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The Natural Three Acts

If Shakespeare were writing screenplays now, he’d be laughed out of Hollywood.

Hamlet and Romeo and Juliet were both five acts long.

Some printed editions of Hamlet weigh in around 400 pages.

Would he have made it through a pitch meeting?  Probably not.  Somewhere along the line someone would have told him that he needed to rewrite his work into a three-act structure and trim out all of the perceived fat.  Yet, both of those plays managed to get adapted multiple times into feature films, albeit with some artistic license applied each time.

Practically every screenwriting book ever written espouses the three-act structure for screenplays.  They drill it into your head with colorful (and sometimes not-so-colorful) diagrams backed up with volumes of text to justify its existence.  It’s a chicken and egg problem that shouldn’t be.  The three-act structure existed long before there was any academic analysis that “discovered” it.

The three-act structure is something that has been brought up to the forefront and made a centerpiece when it shouldn’t be.  Because its importance has been stressed so hard and so rigidly to many an aspiring screenwriter, many stories have suffered because of it.

The story should define that rhythm for you, not a rulebook.

Here’s why.  It’s been beaten into many of us through repetition that story events must occur in a certain order and with a certain page timing.  That specific timing might work for a few stories, but not for the majority of them. The story should define that rhythm for you, not a rulebook.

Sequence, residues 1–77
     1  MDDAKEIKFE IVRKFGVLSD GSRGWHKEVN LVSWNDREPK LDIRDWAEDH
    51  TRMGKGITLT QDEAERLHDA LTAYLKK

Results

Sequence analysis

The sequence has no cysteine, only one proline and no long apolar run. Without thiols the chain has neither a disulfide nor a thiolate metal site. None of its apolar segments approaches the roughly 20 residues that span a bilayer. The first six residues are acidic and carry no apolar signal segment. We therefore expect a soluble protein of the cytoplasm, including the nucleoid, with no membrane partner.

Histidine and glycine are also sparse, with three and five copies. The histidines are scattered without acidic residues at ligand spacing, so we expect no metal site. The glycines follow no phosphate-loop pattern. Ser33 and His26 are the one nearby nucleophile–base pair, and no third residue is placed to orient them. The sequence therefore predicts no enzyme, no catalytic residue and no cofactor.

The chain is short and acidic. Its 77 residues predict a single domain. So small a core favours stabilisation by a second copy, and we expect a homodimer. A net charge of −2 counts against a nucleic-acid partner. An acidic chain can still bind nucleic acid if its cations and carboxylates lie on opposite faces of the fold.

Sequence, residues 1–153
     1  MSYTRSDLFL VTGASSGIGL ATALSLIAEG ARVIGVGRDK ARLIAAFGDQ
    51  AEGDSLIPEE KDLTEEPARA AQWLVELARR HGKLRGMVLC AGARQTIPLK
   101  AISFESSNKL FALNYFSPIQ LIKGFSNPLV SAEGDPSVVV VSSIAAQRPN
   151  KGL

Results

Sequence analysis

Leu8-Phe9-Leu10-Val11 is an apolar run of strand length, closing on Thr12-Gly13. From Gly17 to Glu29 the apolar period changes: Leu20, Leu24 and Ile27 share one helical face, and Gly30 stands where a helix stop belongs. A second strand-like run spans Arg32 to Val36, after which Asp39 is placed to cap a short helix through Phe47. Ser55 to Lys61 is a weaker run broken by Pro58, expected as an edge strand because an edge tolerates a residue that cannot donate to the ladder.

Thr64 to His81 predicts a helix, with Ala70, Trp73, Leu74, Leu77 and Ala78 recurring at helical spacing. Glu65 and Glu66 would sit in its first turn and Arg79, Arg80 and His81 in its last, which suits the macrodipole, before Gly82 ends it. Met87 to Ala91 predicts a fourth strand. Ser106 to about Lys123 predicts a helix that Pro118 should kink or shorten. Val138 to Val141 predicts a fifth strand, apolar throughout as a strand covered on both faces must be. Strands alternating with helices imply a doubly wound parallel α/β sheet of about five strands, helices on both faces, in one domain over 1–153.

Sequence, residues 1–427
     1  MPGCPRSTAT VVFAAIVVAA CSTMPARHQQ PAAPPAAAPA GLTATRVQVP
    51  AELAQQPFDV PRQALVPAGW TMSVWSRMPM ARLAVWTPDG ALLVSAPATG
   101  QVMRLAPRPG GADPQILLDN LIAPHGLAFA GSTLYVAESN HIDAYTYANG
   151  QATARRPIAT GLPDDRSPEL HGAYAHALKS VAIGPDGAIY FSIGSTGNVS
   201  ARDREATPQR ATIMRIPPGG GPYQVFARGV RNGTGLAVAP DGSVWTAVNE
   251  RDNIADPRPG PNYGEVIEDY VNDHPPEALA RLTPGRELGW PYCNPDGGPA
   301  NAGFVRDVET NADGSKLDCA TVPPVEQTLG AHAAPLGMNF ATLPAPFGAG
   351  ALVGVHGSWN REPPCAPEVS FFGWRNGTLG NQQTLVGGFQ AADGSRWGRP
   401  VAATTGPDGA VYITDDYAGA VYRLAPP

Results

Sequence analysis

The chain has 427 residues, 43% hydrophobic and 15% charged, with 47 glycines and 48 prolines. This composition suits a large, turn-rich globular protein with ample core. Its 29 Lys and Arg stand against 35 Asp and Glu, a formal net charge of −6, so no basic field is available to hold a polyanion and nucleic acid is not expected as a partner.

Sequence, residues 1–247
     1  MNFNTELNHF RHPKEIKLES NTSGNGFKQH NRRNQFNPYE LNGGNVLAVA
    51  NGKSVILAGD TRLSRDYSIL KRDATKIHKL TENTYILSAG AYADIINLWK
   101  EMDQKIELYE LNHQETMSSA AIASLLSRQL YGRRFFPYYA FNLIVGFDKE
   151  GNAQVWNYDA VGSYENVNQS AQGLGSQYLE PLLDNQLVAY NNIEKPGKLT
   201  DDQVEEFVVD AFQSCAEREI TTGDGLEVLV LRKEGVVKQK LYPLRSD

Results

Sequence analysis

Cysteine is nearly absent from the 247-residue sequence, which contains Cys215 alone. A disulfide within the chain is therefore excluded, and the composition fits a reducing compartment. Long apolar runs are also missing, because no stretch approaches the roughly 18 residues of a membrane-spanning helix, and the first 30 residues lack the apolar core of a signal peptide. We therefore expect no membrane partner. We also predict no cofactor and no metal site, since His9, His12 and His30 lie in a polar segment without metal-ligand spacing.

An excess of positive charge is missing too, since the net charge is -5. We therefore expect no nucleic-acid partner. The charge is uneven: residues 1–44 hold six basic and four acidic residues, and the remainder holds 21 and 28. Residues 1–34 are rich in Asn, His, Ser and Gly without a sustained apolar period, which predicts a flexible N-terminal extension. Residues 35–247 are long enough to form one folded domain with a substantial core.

Those are the training wheels.  For those of us just starting out in the world of screenwriting, it’s almost necessary to show that structure explicitly.  New writers are frequently confused by the mechanics and structure that they need a helpful guide. With very few hard and fast rules of screenwriting, we crave something as a foundation to get started so we have a strong footing.

Move on to your third, fourth, or fifth screenplay.
Are you still following the same cookie-cutter mold?

Here’s where it breaks down.  Move on to your third, fourth, or fifth screenplay. Are you still following the same cookie-cutter mold? Are you afraid to go beyond those boundaries that your teachers laid down in stone writ? Don’t be. Here’s what I’ve found out from writing over a dozen screenplays: the three-act structure occurs naturally, and keeping it in the forefront of your mind when you write can lead to stilted, stiff storytelling. And in this medium, we’ve got more than enough of that. It’s time to cut that out.

We tell stories all of the time, whether we know it or not. Every story, whether told out of linear order like Pulp Fiction or those stories we relate to each other over beers in a bar, they all have a natural, built-in three-act structure.  They have a beginning, a middle, and an end. That’s three acts right there.  You probably didn’t even realize you were telling a three-act story to your friends in the bar about the hot girl in the copy room that leaned over and showed you a little too much cleavage, but you were.